The economy in the Eleventh District continues to expand at a modest, or maybe even a measured, pace. At our Board of Directors meeting a little over a week ago, one of our directors summarized it best by saying that the economy is going nicely—not great, but nicely. Her theme was echoed by many other directors and by members of the Advisory Council on Small Business and Agriculture. I also met with a number of CEOs for breakfast that same week, and what was most interesting to me was that none of them had much to say about the economy. It was neither so strong nor so weak that it deserved much in the way of comment. What they were almost obsessed about, though, were the rising costs of health care to their businesses, with little hope for improvement, and related issues of tort reform.
Even though most of my contacts are telling me that the economy is doing okay, I sense a certain reluctance on the part of business people to make long-term economic commitments—a point others have mentioned already this morning. One of our Houston directors, who is in the petrochemicals business, has been raising prices for months. His company has been running close to full capacity in several product lines. He raised the question of whether he should be investing in new plants, given that his current plants are running full out. For a variety of reasons, his answer was “absolutely not.” One of our agricultural advisory council members made a similar point regarding cattle ranches when he said, “Just like in chemicals, no one wants to build new plants.” It’s my view that these remarks reflect an underlying caution—call it lack of business confidence, if you will—that may act as a brake on economic growth going forward. In the case of large publicly traded companies, we can blame some of this caution on Sarbanes– Oxley. But this reduced appetite for risk-taking and long-term investment has spilled over to smaller, more entrepreneurial, privately held businesses as well.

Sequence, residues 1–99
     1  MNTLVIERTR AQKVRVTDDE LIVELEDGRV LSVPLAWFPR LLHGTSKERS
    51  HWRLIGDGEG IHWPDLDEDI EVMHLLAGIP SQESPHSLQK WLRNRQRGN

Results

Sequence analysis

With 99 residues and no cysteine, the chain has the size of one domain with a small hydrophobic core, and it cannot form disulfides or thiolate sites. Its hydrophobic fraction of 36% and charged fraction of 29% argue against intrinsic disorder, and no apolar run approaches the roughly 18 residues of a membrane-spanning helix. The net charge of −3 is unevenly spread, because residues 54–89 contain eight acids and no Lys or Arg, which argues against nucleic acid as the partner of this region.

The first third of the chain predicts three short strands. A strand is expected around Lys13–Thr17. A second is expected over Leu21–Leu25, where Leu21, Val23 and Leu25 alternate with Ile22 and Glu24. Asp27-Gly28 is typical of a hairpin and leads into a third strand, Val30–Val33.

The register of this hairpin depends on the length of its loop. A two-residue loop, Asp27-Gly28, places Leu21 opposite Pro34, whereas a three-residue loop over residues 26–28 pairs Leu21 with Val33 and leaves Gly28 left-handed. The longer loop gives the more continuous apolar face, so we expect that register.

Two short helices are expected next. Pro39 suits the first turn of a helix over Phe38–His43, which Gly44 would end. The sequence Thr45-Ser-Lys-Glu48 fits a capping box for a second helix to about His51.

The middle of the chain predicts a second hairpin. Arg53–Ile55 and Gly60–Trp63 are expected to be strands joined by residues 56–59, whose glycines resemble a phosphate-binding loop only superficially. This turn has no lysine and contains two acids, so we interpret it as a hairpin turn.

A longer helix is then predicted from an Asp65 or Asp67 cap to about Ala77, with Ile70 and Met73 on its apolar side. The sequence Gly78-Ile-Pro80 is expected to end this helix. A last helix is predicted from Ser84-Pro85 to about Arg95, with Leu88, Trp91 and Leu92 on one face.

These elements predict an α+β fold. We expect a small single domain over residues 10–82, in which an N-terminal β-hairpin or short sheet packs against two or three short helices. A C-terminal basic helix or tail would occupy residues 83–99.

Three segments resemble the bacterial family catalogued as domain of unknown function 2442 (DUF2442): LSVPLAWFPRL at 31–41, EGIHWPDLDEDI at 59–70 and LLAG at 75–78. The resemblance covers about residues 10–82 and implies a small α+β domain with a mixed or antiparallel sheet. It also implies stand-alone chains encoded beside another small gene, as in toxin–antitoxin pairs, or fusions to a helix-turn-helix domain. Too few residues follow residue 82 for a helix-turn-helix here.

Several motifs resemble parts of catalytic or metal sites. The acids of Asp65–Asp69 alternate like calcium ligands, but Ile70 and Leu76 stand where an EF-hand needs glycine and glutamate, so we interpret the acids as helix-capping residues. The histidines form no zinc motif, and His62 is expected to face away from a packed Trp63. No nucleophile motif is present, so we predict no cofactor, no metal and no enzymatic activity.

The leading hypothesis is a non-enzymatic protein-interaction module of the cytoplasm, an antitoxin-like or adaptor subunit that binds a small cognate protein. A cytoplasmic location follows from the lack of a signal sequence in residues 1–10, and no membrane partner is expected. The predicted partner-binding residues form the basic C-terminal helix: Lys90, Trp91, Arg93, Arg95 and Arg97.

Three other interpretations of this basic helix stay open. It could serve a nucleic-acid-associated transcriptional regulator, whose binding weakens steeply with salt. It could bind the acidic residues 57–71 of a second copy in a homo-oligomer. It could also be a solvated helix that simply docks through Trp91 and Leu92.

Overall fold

Having said all this, I should point out that the Texas economy has continued to improve throughout 2004. Job growth has picked up steadily, and the gains are fairly widespread across most industries. After three years of massive declines in high-tech employment, reasonably steady gains have taken place thus far in 2004. One of our advisory council members from Austin’s high-tech sector noted that Austin is finally off the bottom. It is a “feeling better” economy but not yet a “feeling good” economy.
The national economy seems to reflect the same pattern of slow, modest growth and decelerating inflation that has emerged in the Dallas District in recent months. I have no reason to differ in any significant way from the staff’s GDP outlook. I think we’d all be pleased to have the baseline scenario unfold. Average real GDP growth of just under 4 percent in the fourth and fifth years of expansion is pretty good.
If the staff’s inflation outlook for 2005 and 2006 is correct, or even just in the right ballpark, the U.S. economy will remain in the zone of price stability in the near future. As I look at the staff’s inflation projections under the alternative simulations, I can’t help but notice that all of the inflation projections are for core PCE to come in under 2 percent, with many of the projections centered closer to 1 percent. It was not that long ago that this Committee was agonizing over the threat of deflation when our inflation measures were pointing to core inflation around 1 percent. I’m not recommending that we agonize again, but the similarities are striking. As I looked at the table on page 2 of the Greenbook supplement, I was struck by the three- month change in the annualized rate of various measures of inflation for the period ending in August. CPI inflation is running at 1.3 percent, core CPI at 1 percent, PCE inflation at 0.9 percent, core PCE at 0.7 percent, finished goods PPI inflation at minus 1.1 percent, and core PPI for finished goods at 0.5 percent. Were this pattern to continue, the Committee would be facing an inflation pattern not very dissimilar from the one we were looking at in the spring of 2003.
For many months now, the Committee has been saying that its policy stance is accommodative. I won’t dispute that conclusion; I’ve been saying it myself. If we’re measuring the degree of how accommodative we are by the real federal funds rate, then it’s critical to get the right measure of anticipated inflation into the equation. If the staff’s inflation projections are correct, then policy is much less accommodative than it would be if we assume inflation expectations are well anchored in the 2½ to 3 percent range as in the University of Michigan survey. If the last few months of inflation data reflect a return to the inflation patterns and trends of the last few years, there may be less policy accommodation to be removed than the Committee has been assuming, and there may soon be room for a pause in the measured pace of policy changes. I think our current policy of measured withdrawal of policy accommodation is correct for now. But with inflation low again and falling again, I have to remind myself why I think so. The reason seems to have changed from “to contain inflation” to “because the economy is strong enough to tolerate it.” In other words made famous recently, we may be doing it because we can. After today, we may want to reassess that.